Summary: Over the last four years, Leti and I have built up a substantial passive income stream from real estate. This has given us the freedom to work in clinical medicine the way and the amount that we choose, but it’s important to point out that our success was built on the foundation of real estate investing mistakes. My mistakes. Fortunately, we’ve both learned from these mistakes, and this has enabled us to avoid many of the hiccups that slow down newbie investors. I’m sharing these stories with the hopes that it will help our readers avoid similar mistakes.
[Disclaimer: We are not accountants, lawyers or financial advisors, so please consult your own team of professionals about the topics covered in this article.]
I first started “investing” in real estate in 2001. At that time I had just started working as a management consultant and, for the first time in my life, at age 29, I had some money to invest.
I partnered with a close friend of mine because we believed that by pooling our money together we could grow our portfolio more quickly.
Our first property was a college rental. It was a three-bedroom, three-bath house near a large university. We bought the property for $104,000 with no money down. Back in those days, and up until the 2008 crash, you could purchase properties with no money down.
This property yielded only a small amount of cashflow, about $100 a month after expenses. While the margin was small, we’d make a little cashflow each month, and we’d only go negative if there were unexpected expenses. As it turns out, this was the last property we bought together that cashflowed.
Even though I had read books about investing and knew about the merits of investing for cashflow, the allure of “getting rich quickly” with a speculative gamble was too strong. So it didn’t take much to convince me to jump on the next opportunity that came up: flipping vacant lots in Florida.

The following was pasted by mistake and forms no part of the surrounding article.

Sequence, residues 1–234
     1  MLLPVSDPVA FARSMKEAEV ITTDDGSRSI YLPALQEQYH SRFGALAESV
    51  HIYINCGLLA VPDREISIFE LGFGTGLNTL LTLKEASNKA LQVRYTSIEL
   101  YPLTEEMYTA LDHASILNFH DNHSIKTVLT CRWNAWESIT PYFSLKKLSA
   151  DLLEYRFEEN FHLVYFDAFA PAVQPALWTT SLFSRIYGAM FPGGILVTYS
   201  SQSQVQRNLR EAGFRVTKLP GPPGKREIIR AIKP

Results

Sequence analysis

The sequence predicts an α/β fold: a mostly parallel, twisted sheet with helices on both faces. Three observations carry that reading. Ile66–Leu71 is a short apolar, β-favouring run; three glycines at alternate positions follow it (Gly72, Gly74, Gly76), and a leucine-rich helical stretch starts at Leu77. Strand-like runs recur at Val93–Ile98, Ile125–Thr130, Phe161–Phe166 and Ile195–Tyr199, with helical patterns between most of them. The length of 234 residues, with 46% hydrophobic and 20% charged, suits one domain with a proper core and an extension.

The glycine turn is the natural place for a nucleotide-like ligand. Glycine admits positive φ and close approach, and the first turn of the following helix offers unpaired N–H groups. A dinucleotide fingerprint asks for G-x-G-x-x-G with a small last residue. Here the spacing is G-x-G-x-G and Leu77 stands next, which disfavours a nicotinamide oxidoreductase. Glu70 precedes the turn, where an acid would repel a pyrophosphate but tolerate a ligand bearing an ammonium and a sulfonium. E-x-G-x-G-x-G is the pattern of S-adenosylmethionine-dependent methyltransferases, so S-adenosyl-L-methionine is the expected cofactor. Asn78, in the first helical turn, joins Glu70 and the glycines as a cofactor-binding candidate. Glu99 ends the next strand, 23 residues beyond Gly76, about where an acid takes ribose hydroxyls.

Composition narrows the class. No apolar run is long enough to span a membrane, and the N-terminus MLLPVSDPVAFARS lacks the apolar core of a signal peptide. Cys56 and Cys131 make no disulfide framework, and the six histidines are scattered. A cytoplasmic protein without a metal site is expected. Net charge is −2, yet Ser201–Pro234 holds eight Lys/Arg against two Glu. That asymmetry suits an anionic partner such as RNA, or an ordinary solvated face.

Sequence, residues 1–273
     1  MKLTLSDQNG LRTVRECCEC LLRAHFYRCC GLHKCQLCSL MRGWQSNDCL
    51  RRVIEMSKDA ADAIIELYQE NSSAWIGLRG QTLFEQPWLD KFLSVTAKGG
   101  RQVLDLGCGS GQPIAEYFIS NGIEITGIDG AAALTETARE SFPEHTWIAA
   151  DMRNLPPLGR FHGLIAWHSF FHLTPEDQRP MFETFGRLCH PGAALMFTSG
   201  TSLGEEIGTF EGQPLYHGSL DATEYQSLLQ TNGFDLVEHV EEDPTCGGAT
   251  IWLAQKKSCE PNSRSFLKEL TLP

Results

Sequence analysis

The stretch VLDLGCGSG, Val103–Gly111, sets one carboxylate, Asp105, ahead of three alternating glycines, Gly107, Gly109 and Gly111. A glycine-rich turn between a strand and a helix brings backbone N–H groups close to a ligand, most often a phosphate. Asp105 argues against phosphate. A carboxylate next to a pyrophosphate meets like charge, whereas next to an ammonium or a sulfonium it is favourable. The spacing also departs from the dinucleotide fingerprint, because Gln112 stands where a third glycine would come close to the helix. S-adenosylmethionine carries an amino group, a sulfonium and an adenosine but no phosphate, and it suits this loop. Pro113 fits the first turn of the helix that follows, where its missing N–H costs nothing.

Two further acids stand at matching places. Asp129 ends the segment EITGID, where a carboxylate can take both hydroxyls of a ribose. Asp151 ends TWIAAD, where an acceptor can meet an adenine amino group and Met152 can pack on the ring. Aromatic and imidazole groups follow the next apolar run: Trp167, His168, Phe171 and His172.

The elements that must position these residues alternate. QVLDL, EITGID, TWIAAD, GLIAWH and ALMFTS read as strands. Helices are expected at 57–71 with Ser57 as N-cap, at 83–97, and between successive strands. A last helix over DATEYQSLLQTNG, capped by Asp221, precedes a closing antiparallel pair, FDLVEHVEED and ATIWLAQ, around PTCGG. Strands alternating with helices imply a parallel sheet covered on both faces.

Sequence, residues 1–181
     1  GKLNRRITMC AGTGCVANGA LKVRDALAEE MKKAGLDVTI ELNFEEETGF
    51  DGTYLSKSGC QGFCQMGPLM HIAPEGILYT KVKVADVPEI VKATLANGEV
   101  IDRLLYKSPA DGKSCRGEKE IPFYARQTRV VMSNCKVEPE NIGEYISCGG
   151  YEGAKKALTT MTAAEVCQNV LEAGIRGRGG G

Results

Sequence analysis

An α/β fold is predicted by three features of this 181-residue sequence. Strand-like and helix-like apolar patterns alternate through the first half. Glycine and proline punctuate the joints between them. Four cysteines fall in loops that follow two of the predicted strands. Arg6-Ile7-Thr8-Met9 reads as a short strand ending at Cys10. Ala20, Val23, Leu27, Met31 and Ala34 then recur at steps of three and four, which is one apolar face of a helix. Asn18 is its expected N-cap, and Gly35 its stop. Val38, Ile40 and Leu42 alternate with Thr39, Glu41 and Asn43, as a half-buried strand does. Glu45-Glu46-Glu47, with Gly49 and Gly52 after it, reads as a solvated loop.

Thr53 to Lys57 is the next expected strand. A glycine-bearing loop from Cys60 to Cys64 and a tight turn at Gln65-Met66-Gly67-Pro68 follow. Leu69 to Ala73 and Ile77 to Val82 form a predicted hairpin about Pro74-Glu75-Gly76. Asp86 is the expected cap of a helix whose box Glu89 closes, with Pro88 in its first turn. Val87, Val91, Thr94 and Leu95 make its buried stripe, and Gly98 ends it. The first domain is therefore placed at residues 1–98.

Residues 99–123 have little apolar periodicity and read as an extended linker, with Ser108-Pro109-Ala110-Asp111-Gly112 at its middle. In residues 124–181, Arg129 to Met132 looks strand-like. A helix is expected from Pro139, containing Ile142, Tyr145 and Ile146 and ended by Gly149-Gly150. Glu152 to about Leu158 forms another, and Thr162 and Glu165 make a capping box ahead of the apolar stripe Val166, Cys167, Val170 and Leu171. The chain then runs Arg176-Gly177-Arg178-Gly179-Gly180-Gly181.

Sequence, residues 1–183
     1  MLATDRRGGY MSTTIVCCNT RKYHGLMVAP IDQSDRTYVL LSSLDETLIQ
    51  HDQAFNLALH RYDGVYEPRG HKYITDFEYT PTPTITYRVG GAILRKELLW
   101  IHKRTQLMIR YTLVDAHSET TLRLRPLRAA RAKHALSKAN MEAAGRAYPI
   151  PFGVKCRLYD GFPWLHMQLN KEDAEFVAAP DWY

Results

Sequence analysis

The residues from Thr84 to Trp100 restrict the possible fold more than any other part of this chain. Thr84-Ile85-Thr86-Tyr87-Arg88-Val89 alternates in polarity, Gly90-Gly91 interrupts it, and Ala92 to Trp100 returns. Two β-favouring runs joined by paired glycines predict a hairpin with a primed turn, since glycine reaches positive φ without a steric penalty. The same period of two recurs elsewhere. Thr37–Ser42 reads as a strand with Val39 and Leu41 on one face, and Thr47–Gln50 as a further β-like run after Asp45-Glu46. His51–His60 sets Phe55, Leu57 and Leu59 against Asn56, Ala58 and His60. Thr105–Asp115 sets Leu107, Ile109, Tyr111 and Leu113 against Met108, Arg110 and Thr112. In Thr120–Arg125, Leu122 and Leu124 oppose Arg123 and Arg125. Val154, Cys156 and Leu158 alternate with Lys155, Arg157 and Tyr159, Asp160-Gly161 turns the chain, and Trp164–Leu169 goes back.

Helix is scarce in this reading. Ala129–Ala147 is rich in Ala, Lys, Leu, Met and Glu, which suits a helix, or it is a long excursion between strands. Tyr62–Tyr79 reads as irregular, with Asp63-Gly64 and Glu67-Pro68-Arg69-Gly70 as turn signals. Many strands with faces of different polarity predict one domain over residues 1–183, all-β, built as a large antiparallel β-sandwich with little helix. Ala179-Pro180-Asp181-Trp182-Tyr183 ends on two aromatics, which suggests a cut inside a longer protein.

This opportunity was a lot sexier.
Leading up to the 2008 crash, developers were buying up large plots of waterfront lots, putting in utilities and subdividing the lots.
Some of these developments were so large that you could easily see them using a satellite map view (see pic).
One of the ones we invested in had over 15,000 empty lots. Even to this day, most of the lots sit empty with only a house or two in one city block worth of lots.
The first deal was a home run. We bought a vacant lot for $150,000 for no money down, and sold it one year later for $350,000. This was quickly followed by another smaller win that netted us another $100,000.
If you were wondering, this is what it feels like to ride the wave of a real estate bubble. It was fun while it lasted.
After these two quick wins, we bought four more vacant lots, and I was clearly hooked. This led me to buy (on my own) two high-end condos in downtown Seattle. This was in addition to a condo that I already owned just one block away.
At this point, I was flying high…or at least I thought I was. Then came the crash of 2008.
The following are the stories of what transpired after the crash with each of the properties described above and the lessons I learned from the experience.
Before I dive into the stories, I do want to point out that Leti didn’t have anything to do with any of these. I made these real estate investing mistakes all by myself.
Vacant lot flipping
In the years between 2003 and 2006, I bought a total of six vacant lots. Two I sold for a profit as described above, and the other four I was stuck with…for a while it turns out.
Immediately after the crash, my properties weren’t even worth the money I paid in property taxes each year. Something I bought for $150,000 was worth less than $5,000.
If you were ever wondering, this is what a real estate crash feels like.
I ended up having to hold onto these properties for the next 10-15 years and sold all of them at a considerable loss (see table).
In order to sell Lot 2, for example, I had to come out of pocket $10,000 because the remaining mortgage was more than the sales price.
These losses don’t include all of the property tax payments, homeowner dues and mortgage interest that I paid over the years.
The other thing that isn’t illustrated in the table is how difficult it was to refinance a loan after the crash.